If you take a look at the per­for­mance of Apple of late, it’s not pret­ty. Check the one year chart on Mar­ket­Watch, and you’ll see that — after climb­ing to a 52-week high of $705.07/share — it has come back to the price that it was about a year ago, a lit­tle more than $450.00/share. Does this mean that the com­pa­ny whose stock in 2013 was to hit $1,000.00/share (said many!) is in the trash heap? Hard­ly. Yet, there is now gen­er­al agree­ment that Apple needs to refresh its prod­uct line. It needs a win­ner to replace the yawn that even its iPhone 5 has become.

At the start of this year, Entre­pre­neur pro­ject­ed that Apple’s next might just be the rumoured “iWatch”. But the sto­ry here is not that Apple needs to aug­ment its iPhone line. Entre­pre­neur says that Apple should con­sid­er replac­ing its iPhone:

Apple is report­ed­ly explor­ing devel­op­ment of a watch-like prod­uct. Some might scoff at the idea of Apple build­ing a watch. After all, who needs watch­es when you have a smart­phone. Fur­ther, Apple is a com­pa­ny with $200 bil­lion in annu­al rev­enue. A $100 watch which will sell in lim­it­ed quan­ti­ty is bare­ly going to move the needle.

While all of those are fair points, they’re miss­ing a much big­ger pic­ture. There is a line of think­ing that the smart­phone era will per­ish almost as quick­ly as it began.

This is no mod­est pro­pos­al. Apple sold a record 47.8 mil­lion iPhones in the Decem­ber quar­ter. Replac­ing, then exceed­ing, that much rev­enue would be an enor­mous chal­lenge. But I like Entre­pre­neur’s think­ing. Argu­ing that some­one will, soon­er or lat­er, find a bet­ter way to do all the things that a smart­phone now does — only in a small­er, per­haps wear­able for­mat — the idea is that Apple would be smart to man­age the demise of its iPhone line rather than to allow a com­peti­tor to do it. Says Entre­pre­neur: “For Apple, an iWatch could be a way to test the wear­able com­put­er mar­ket, says [ana­lyst] Gene Mun­ster at Piper Jaf­fray. He says, ‘We believe that longer term (over the next 10+ years), wear­able com­put­ers could even­tu­al­ly replace the iPhone and smart­phones in general.”Smartphone with plant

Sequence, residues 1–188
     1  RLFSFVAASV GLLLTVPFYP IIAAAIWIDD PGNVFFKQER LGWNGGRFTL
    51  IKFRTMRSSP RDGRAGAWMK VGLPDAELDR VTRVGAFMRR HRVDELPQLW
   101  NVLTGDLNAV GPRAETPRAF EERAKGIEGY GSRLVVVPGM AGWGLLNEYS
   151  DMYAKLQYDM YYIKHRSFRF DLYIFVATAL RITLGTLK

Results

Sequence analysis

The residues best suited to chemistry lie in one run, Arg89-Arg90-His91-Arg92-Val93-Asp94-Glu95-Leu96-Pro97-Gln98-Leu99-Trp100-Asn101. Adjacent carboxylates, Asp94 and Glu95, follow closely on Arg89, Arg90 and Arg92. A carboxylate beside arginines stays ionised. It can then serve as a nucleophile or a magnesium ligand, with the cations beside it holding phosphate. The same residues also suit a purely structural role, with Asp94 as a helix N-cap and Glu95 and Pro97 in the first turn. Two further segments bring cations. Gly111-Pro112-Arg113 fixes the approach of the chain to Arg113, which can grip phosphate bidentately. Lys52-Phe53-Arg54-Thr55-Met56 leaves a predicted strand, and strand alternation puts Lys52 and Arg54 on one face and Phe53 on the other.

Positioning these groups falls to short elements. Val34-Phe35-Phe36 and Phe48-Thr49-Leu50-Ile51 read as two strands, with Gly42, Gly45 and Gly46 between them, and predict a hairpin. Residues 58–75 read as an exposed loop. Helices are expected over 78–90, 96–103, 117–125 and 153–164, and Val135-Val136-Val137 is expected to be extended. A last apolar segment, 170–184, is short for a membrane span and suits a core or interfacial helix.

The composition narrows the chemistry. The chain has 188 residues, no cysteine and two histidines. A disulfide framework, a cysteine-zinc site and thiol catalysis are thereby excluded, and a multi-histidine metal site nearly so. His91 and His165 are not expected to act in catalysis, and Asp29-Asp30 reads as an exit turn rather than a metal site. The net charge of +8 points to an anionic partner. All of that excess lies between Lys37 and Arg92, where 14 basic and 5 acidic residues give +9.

In 1942, an eco­nom­ics thinker named Joseph Schum­peter talked about the con­cept of cre­ative destruction:

The fun­da­men­tal impulse that sets and keeps the cap­i­tal­ist engine in motion comes from the new con­sumers, goods, the new meth­ods of pro­duc­tion or trans­porta­tion, the new mar­kets, the new forms of indus­tri­al orga­ni­za­tion that cap­i­tal­ist enter­prise creates.”

Apple, to date, has been out­stand­ing on cre­at­ing the next wave of per­son­al tech­nol­o­gy. And my bet is that, start­ing in 2013, the com­pa­ny will stand or fall depend­ing on whether it can ful­ly grasp (and cap­i­talise on) the think­ing of an Aus­tri­an econ­o­mist who was born in the late 1800s.

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